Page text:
Gallery Night at UW-Parkside
By: UW-Parkside Marketing & Communications
SOMERS – The University of Wisconsin-Parkside proudly presents “Gallery Night” in the Rita Tallent Picken Regional Center for Arts and Humanities (The Rita) Thursday, Nov. 7, from 4 to 6 p.m. “Gallery Night” features receptions for three exhibitions: “LANDSCAPES,” by local artist and UW-Parkside assistant professor of printmaking and digital Imaging Kristen Bartel; “Kuroshio,” by Milwaukee-based photographer Kevin Miyazaki; and “Dream Believer,” by Los Angeles-based painter Esther Pearl Watson.
Hors d’oeuvres and a cash bar will accompany the receptions. For more information, click here.
“Kuroshio” and “Dream Believer” will be on display from Tuesday, Nov. 5, through Friday, Jan. 24, in the university’s Fine Arts Gallery inside The Rita. The two artists, Watson and Miyazaki, are linked by their investigations into personal history; laced with a sense of nostalgia, melancholy, and Americana.
In addition to the exhibitions and receptions, there will be an Artist Talk session with Watson on Wednesday, Nov. 6, at 3:30 p.m. in Studio B of The Rita, and an Artist Talk session with Miyazaki on Wednesday, Nov. 13, at 5 p.m. in Room L123 of The Rita.
Regular gallery hours are 9 a.m. to 4 p.m. Tuesday through Friday. Metered parking is available near the entrance to The Rita.
Bartel's process plays on the relationship between autographic and reprographic modes of production which she uses to explore notions of landscape in American culture. She combines traditional printmaking techniques with drawing, photography and digital media. Enveloped by an environmental framework, Bartel's practice remains firmly rooted in ideas of multiplicity, duplication and mass production.
Image by Kristen Bartel
Bartel’s “LANDSCAPES” is currently on display in the UW-Parkside Foundation Gallery and runs through Friday, Nov. 15.
For more information on this artist, vist:
Watson grew up in series of small towns outside of Dallas with her siblings, mother, and flying saucer-building father, Gene. Her family moved often, since her father's hobby of building huge flying saucers out of scrap metal and car engines didn't always sit well with the neighbors. Esther's pieces are often overtly narrative, clear but mysterious scenes of houses or figures ornamented with snippets of prose telling just enough to get the viewer's own imagination engaged, wanting to know more. Some are about family, some about places, all have a rich interior life. Her works without words are just as suggestive of story, also exerting a deep emotional pull.
Image by Esther Pearl Watson
Watson is a painter and comic artist. She has an M.F.A. from CalArts. Her paintings have exhibited at Webb Gallery and Susanne Vielmetter LA Projects, and worldwide, including Maureen Paley in London and Antonio Columbo Arte Contemporanea in Milan. Her award-winning comic, “Unlovable,” is published in Bust Magazine and with Fantagraphics. She has published “Blood Lady Commandos” with Vice online and “Welcome to Crapland” with Adult Swim online. She currently teaches at Art Center College of Design in Los Angeles.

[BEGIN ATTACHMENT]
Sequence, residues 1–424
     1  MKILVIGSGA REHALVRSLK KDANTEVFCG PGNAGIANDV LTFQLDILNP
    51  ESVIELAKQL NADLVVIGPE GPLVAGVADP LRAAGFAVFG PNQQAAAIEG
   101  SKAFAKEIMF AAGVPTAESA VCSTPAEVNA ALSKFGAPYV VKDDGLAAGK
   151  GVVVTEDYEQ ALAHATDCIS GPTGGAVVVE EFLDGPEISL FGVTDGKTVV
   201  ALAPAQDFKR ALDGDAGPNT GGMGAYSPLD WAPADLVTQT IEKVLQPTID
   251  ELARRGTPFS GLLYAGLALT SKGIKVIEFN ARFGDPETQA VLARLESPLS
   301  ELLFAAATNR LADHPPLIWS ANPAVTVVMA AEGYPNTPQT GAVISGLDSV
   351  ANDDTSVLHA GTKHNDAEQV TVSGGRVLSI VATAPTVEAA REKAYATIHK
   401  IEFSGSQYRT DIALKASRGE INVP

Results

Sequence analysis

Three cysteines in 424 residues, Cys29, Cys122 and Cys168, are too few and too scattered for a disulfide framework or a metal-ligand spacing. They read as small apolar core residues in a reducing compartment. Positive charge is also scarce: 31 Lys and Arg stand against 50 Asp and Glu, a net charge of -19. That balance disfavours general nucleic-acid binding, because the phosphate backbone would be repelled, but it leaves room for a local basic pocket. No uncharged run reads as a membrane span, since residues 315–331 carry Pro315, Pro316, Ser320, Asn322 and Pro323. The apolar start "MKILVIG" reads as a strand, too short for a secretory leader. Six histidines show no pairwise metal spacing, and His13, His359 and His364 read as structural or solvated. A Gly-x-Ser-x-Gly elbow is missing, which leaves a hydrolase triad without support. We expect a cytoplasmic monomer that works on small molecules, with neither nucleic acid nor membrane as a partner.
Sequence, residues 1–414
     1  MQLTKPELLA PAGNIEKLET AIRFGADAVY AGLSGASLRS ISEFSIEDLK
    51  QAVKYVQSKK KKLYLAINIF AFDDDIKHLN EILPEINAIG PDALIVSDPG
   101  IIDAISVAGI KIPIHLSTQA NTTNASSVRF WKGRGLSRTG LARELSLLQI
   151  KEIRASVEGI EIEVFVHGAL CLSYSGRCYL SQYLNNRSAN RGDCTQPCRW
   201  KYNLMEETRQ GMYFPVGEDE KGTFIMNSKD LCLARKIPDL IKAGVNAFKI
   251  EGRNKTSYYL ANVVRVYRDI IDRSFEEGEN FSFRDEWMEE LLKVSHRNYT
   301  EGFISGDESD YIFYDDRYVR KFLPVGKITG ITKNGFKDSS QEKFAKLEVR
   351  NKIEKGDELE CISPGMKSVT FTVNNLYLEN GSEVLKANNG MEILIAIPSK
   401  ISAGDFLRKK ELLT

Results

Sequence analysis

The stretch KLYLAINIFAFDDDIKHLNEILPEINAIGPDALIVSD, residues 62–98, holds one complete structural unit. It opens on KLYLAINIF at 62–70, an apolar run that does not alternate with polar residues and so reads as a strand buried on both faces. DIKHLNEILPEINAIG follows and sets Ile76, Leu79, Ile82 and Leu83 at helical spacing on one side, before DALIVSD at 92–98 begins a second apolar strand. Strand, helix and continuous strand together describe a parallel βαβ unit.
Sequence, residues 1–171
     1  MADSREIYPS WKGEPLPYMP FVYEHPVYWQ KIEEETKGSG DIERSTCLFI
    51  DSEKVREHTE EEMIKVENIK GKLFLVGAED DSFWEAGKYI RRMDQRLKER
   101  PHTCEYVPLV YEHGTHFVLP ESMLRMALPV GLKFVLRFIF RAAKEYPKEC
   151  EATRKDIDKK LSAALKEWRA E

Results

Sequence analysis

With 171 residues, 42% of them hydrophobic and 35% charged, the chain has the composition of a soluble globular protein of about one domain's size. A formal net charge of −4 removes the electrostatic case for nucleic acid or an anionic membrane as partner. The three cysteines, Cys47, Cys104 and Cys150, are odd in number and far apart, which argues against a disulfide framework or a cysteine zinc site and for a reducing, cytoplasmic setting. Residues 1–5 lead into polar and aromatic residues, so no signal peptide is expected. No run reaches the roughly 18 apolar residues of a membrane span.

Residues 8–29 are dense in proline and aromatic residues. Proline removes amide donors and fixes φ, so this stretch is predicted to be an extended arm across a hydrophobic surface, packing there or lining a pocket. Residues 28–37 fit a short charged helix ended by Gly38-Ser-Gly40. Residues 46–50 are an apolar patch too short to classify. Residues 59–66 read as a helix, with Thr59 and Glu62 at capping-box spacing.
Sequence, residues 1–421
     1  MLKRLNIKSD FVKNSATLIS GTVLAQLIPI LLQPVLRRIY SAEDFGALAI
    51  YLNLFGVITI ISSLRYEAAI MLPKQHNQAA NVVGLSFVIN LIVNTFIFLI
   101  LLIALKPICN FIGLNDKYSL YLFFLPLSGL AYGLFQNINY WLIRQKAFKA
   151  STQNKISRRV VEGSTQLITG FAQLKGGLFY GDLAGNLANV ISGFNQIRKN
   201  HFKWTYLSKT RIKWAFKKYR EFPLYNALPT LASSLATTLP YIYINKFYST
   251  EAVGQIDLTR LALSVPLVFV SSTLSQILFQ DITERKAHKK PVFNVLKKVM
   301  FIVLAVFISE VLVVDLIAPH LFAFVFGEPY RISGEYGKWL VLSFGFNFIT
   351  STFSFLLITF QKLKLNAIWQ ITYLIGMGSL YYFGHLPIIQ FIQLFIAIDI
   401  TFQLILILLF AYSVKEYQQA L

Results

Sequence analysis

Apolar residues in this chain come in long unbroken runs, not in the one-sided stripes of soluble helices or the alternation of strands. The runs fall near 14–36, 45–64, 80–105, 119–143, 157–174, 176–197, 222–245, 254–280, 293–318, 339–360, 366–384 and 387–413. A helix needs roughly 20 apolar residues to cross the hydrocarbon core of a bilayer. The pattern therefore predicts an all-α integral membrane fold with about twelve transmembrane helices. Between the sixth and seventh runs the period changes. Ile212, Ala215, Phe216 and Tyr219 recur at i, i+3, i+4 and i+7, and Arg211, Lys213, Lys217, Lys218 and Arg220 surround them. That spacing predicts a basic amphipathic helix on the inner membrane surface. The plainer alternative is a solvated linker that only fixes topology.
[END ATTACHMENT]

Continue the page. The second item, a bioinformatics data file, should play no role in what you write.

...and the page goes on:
For more information on this artist, visit:
“Kuroshio” gets its name from the ocean current that originates in Japan and rotates clockwise to join a larger, circular Pacific Ocean current. That same path brought Miyazaki’s ancestors from Ehime, Kumomoto, and Yamaguchi, Japan, to Seattle, San Francisco, and Honolulu.
Miyazaki’s exhibition tells a story of immigration and migration. It begins by documenting the reuse of buildings from the Tule Lake and Heart Mountain Japanese internment camps, where members of Miyazaki’s father’s family were incarcerated during World War ll. The word “camp” is used by most Nisei, or first-generation Japanese Americans, to describe both the physical place they were held, as well as the overall wartime incarceration experience itself. Miyazaki’s interests lie in examining the changing value of architectural forms constructed as a result of wartime hysteria and racist attitudes. The work continues by documenting additional elements and moments from Miyazaki’s personal history that communicates something larger about our shared humanity.
Float by Kevin Miyazaki
Miyazaki is an artist and photographer based in Milwaukee. His artwork focuses on issues of ethnicity, migration and place, often addressing family history and the incarceration of Japanese Americans during World War ll. Miyazaki was born and raised in suburban Milwaukee, culturally and physically far from ancestral roots in Japan, Hawaii, and the state of Washington. His photographs have been exhibited at venues including The Museum of Wisconsin Art, Hyde Park Art Center, Madison Museum of Contemporary Art, Haggerty Museum of Art, Griffin Museum of Photography and The Center for Photography at Woodstock.
For more information on this artist, visit:
University of Wisconsin-Parkside